Jump Rope, Jacks and Stickball
The great anthropologist Angeles Arrien reminds us that we Westerners conceptually frame, and experience change as loss. She used an example that most Americans could relate to. It went something to the effect: A friend asked another “I hear your
relationship is changing?” The other, in a concerned voice, responded “Oh my God! What have you heard?” Those of us in her workshop laughed in recognition of our pattern.
I love what Dr. Arrien gives us. Her work has contributed to me professionally and personally. I no longer agree with the inferences I once drew from my understandings of Westerners linking change with loss. I once believed I needed to break the connection of change with loss. That I needed, instead, to understand the reality that change is constant. It is always occurring and I need not associate it with loss.
I know the constancy of change. Yet, I think differently now. Change is loss, and much more. Although we are politically correct in using the word “loss” via-a-vis change, it is the wrong word to use. It is a softener, ostensibly making our lives easier. Yet it does not. The word “loss” misrepresents and distracts us from the direct and raw experience of what is actually happening and what it offers us. The word “loss” takes us away from the experience that will best grow, move and change us. So too does the word “change.”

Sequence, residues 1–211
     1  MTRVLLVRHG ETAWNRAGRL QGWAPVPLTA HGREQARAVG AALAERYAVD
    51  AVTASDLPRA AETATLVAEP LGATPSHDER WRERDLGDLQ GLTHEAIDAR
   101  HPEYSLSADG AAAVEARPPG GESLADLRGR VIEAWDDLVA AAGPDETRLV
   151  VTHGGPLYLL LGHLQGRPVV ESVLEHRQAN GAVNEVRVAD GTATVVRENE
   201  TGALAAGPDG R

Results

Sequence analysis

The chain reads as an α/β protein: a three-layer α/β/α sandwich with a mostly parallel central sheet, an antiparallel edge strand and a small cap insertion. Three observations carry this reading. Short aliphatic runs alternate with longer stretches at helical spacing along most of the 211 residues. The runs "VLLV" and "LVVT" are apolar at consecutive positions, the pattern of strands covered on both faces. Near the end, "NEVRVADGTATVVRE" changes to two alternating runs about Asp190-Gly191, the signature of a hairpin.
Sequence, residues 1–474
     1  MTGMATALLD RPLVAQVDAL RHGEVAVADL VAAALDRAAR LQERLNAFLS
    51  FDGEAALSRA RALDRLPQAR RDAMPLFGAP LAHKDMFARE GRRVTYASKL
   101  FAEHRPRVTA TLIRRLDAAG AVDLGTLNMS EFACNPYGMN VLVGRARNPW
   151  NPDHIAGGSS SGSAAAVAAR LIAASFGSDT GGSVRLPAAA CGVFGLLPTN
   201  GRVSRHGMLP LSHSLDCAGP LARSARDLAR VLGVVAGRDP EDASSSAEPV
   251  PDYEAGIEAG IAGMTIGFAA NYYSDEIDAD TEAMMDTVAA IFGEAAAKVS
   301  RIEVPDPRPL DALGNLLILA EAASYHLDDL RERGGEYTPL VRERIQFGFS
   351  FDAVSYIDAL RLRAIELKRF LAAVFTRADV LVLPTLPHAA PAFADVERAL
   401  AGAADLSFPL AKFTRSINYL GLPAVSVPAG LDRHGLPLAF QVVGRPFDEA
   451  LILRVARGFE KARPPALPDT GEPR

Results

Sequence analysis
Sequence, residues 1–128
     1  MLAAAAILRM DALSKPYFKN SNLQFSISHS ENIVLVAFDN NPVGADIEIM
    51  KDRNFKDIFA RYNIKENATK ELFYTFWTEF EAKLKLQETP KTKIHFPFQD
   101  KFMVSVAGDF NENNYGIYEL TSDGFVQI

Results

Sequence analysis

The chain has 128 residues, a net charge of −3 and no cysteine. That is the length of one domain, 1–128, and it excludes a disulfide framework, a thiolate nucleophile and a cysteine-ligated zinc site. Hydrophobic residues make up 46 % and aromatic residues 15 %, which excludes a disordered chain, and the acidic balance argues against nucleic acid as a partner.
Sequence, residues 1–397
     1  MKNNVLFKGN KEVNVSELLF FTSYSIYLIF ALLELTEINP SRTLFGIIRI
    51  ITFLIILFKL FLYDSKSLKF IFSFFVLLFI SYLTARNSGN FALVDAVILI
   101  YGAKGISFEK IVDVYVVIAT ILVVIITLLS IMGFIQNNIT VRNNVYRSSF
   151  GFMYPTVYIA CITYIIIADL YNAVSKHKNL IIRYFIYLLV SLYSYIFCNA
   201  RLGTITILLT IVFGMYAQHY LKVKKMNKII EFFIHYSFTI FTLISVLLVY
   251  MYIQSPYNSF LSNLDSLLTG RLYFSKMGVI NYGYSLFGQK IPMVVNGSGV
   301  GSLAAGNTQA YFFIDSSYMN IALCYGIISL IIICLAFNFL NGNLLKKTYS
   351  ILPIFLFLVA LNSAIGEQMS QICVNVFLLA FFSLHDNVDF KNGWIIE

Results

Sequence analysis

We Westerners cringe even more strongly with the word I am about to use, the word that can move us toward and into the experience that serves our becoming: This word is death. Change is death. Death is what is happening in every change. Death is the constant in our lives. Death and life are one indivisible whole. We do not recognize the experience of death for we have been taught to distract from it. We fool ourselves pretending to attend to death, but we are instead attending to loss. The energy of death differs from the energy of loss. Experiencing loss in our lives changes us less beneficially than the giving of ourselves over to experiencing the many deaths occurring constantly in our daily lives.
Whether the deaths involve a hoped for future, a change in dinner plans, the death of a loved one, or the change in a summer day from one of warm sunshine to an approaching rain storm with thunder and lightening – like the one happening as I write this piece – death is occurring. Today’s sunny day is dead. What lives here, now, is an increasingly darkening sky with significantly cooler temperatures and blowy winds. A lovely death, and a new birth.
What I invite is this:
- Consent to change. Consent to death. Say YES to the changes death brings us in each moment.
- Experience the psychology and physiology of loss when it arrives, yet, know, too, that these experiences are distinct from experiencing the phenomena, the empirical rawness of death. It is this experience of death that changes us in beneficial ways.
Years ago the anthropologist and author Carlos Castaneda introduced us to his take on the ancient wisdom of Mexico. One of his invitations involved having death sit on our shoulder. He was fostering the beginnings of our developing a consciousness of death. One that would enable us to more fully live. Few if any of us have done so.
I, myself, have no death consciousness. I sense however it is wanting its place in me.